The brainchild of head brewer and owner Dan Carey, Enigma was originally brewed in 2003, but was first bottled and released in 2006 as part of the Thumbprint Series of beers at New Glarus. The Thumbprint Series, according to Carey, “…are still brewed with the beer enthusiast in mind. Thumbprint beers are brewed in small batches that are intended to be available for one time only. However, popular demand has caused some styles to return. This is my own thumbprint, to let everyone know this is a real New Glarus handcrafted beer! Cheers.”
Thumbprint Series includes four different beers:
• Scream IIPA – An 85 IBU double IPA
• Apple Ale – A brown ale brewed with wheat and fresh picked apples
• Berliner Weisse – A traditional take on the style
• Enigma – A sour brown ale aged in oak with cherries
Enigma starts out with a sour brown base using malted barley and is then and spontaneously fermented with cherries inside of oak casks. The beer has been released four separate times, starting in 2006 it was part of what was called the Unplugged Series, then came out again in 2012 again part of the Unplugged Series. The third time it was released in 2012 they had changed the name of the series to Thumbprint. Finally, it was released for the fourth time this year, 2015 as a part of the Thumbprint Series again. If you’re wondering why they changed the name to Thumbprint instead of Unplugged, there was apparently another brewer in the area that began using the “Unplugged” name and Carey didn’t take too kindly to the idea of someone taking his name, so he opted to change the name to make it better and more fitting for his unique beers.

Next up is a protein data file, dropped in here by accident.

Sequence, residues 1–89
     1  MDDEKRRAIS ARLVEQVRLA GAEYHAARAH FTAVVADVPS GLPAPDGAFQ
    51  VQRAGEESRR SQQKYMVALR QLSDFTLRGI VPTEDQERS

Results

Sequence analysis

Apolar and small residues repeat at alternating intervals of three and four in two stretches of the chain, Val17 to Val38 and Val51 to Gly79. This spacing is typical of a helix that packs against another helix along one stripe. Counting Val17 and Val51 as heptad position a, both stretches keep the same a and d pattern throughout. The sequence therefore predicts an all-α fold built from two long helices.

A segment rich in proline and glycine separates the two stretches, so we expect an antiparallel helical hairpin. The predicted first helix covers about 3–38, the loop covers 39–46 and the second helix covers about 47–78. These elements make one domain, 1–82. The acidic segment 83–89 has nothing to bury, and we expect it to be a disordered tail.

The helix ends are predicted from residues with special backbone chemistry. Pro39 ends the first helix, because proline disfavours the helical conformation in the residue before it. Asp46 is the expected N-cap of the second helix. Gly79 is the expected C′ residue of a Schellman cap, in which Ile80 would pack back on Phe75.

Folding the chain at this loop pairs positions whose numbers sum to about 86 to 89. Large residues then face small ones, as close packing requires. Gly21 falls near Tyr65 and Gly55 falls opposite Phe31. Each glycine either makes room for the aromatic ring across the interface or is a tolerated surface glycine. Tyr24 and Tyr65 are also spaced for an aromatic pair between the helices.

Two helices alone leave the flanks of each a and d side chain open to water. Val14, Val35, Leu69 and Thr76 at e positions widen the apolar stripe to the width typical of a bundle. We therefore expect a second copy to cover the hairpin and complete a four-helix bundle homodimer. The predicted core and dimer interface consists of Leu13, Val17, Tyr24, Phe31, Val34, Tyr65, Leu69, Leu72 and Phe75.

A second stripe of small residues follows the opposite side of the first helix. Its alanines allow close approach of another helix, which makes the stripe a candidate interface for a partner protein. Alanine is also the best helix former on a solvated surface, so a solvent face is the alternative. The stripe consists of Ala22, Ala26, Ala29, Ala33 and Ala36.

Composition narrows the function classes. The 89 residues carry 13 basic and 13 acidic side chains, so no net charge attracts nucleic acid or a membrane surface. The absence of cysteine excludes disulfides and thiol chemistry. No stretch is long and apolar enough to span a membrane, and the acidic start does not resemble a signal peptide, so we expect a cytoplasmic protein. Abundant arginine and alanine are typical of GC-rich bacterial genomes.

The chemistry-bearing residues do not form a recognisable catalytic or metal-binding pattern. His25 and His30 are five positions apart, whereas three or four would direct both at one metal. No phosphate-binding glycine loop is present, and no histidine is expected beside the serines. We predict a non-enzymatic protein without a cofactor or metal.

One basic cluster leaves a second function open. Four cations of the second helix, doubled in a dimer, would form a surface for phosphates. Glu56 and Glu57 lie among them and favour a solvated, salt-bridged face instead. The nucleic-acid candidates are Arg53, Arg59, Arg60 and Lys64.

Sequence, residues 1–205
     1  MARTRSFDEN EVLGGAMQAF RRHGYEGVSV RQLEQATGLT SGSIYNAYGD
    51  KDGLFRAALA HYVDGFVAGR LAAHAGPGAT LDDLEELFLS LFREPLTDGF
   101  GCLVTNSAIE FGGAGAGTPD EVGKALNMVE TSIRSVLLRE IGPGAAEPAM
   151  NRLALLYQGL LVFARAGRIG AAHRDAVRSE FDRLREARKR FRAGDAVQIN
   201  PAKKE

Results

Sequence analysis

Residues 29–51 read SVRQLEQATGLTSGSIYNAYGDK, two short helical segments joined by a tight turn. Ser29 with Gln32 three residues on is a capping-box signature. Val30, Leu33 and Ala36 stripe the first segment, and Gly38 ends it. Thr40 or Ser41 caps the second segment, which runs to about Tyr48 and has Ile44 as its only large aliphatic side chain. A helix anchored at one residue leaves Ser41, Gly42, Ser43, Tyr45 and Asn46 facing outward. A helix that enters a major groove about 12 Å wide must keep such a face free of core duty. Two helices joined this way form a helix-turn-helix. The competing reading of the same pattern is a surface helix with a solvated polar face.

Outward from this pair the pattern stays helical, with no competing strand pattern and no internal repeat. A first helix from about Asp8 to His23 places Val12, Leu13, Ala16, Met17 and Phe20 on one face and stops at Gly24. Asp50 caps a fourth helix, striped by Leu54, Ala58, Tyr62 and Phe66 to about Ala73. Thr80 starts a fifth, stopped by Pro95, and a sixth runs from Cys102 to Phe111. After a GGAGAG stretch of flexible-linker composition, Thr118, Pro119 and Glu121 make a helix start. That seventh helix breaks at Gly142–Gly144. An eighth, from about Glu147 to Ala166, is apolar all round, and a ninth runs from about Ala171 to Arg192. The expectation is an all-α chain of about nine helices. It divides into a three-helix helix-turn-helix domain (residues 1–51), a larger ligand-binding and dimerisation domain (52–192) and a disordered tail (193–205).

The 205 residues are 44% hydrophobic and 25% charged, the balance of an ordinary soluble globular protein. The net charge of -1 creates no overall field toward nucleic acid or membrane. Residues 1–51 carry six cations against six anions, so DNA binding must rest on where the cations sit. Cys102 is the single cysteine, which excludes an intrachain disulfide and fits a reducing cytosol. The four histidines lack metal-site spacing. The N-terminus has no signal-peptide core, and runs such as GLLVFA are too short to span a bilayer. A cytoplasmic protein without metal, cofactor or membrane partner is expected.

Enigma pours with very little carbonation; it has a deep red or mahogany hue, which has an orange tint in the light. There are small bubbles that are sporadically moving about around the edge of the glass and absolutely zero in the middle of the beer.
Enigma is an extremely fitting name for this beer, there is so much going on in the nose that I had to spend a few minutes taking in the aromas just to get a feel for everything going on in the beer. I am initially getting a metallic scent followed by wine tannins, a sort of Worcestershire or red wine vinegar smell. I then pick up aromas of clove and all spice, maybe slime cinnamon and it then finishes with some dank smelling grapefruit peel. Hands down one of the most unique noses on a beer I have come across.
The flavor has even more going on than in the nose, I can taste everything that I smelled, but there is even more additions on the palate. I am having to take small slow sips and really try and savor each one to taste all of the intricacies of the flavors that are happening. It has a maltier backbone than I would have imagined, particularly for a beer that is only 5.5 percent. Besides the grapefruit, malt and or red wine vinegar, clove, allspice and cinnamon, I am also getting notes of Granny Smith Apples, sour cherry pie and the faintest earthy/oaky flavor note.